So what exactly is a taste maker? Here’s the dictionary definition:
“A person whose judgments about what is good, fashionable, etc., are accepted and followed by many other people.
“One who sets the standards of what is currently popular or fashionable.”
About a month ago, I finished a great book, All We Know: Three Lives by Lisa Cohen. One of the three lives she profiled was that of Madge Garland, who was a fashion editor of British Vogue in the 1920’s and went on to found the School of Fashion, part of the Royal College of Art in London.
She was something more than a taste maker — since the above definitions seem to be so time constrained –“currently popular” seems to reflect a certain sense of momentary not timeless. But she certainly had ideas about what was good and fashionable. She was fascinated by the relationship between clothing and consciousness. She shared with her friend Virginia Wolf the sense that it was impossible to separate having clothes on one’s mind and on one’s body.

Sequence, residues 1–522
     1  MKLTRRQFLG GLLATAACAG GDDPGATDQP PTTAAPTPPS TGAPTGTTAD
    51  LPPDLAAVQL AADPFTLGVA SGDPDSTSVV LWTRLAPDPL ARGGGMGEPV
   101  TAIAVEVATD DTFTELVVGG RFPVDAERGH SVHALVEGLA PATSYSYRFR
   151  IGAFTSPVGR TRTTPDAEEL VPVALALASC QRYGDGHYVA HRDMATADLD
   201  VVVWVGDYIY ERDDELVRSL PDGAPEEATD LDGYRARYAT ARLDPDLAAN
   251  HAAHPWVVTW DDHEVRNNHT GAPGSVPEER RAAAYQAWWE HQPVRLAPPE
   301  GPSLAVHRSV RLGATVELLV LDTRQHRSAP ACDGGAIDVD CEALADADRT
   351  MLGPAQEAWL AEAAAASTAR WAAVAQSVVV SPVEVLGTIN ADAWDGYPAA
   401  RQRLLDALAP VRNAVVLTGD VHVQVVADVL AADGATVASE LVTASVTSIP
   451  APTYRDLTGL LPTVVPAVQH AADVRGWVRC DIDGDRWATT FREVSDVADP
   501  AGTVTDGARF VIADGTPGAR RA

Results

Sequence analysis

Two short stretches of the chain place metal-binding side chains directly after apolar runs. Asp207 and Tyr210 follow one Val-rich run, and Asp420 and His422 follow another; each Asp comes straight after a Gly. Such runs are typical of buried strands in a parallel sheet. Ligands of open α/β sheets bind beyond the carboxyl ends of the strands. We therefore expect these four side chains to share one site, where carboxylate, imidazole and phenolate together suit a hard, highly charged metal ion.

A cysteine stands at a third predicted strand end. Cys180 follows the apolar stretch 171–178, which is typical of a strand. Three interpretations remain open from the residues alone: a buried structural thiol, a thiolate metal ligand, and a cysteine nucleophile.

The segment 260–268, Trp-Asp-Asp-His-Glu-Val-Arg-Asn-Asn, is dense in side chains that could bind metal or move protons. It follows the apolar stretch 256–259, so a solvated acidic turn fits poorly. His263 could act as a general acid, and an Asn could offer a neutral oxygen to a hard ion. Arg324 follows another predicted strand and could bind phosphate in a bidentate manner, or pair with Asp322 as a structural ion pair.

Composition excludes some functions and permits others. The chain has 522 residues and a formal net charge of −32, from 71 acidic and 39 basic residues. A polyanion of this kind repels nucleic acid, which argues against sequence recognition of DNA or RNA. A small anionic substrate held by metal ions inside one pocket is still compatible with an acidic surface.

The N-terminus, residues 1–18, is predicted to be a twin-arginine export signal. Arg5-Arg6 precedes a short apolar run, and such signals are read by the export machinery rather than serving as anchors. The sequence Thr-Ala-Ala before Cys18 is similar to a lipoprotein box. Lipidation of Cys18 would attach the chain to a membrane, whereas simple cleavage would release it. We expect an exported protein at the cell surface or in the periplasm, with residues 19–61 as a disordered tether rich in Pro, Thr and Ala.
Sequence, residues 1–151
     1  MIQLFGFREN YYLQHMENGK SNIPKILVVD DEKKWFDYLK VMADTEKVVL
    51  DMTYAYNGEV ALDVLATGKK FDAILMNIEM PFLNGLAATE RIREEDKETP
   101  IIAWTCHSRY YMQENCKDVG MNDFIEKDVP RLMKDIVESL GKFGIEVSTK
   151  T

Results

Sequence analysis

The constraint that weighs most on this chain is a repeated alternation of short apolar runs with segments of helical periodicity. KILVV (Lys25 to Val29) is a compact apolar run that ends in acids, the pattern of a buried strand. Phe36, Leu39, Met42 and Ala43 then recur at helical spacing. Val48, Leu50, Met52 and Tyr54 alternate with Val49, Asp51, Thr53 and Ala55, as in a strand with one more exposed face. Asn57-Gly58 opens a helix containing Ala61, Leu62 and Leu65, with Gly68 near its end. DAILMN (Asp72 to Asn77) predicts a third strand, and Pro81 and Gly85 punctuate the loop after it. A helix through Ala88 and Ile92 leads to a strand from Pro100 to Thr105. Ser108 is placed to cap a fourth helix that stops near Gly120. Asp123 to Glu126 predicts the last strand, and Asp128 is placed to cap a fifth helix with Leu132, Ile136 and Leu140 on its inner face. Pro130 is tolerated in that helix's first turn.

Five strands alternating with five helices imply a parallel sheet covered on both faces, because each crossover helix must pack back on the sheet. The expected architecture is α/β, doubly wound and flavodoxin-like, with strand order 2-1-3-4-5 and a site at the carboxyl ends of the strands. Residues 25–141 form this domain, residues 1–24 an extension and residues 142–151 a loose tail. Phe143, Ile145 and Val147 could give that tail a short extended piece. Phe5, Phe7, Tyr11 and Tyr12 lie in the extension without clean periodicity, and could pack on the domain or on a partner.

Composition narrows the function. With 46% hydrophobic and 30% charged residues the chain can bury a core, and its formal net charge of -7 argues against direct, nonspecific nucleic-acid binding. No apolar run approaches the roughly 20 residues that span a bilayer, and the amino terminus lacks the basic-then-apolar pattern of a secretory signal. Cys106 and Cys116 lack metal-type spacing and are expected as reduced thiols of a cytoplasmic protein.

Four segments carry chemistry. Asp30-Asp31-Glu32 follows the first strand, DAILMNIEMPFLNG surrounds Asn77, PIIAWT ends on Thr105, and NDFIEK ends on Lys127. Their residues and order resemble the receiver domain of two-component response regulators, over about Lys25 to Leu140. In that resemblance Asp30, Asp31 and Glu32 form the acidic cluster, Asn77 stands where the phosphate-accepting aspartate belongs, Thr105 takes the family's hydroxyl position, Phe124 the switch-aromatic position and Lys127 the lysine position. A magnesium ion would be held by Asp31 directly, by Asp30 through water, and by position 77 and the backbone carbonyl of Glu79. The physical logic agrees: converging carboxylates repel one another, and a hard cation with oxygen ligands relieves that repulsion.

Now that’s interesting to think about. Lisa Cohen goes on to say, “Both women were fascinated by how we wear what we wear, by the effects of clothes on the body and mind . . . They shared an appreciation of the awkward details to do with dress and character — a sense of elegance spiked with glee — and an understanding of fashion’s power of humiliation and conversion.”
Very serious stuff.
Here’s a lovely painting of Madge Garland, hanging in a great small, relatively unknown museum in London, the Geffrye.
And speaking of unknown taste makers, I just discovered Eyre de Lanux (what a name).
So elegant. She painted, wrote for magazines, designed furniture and looked just amazing. Definitely a Taste Maker.
More about her later.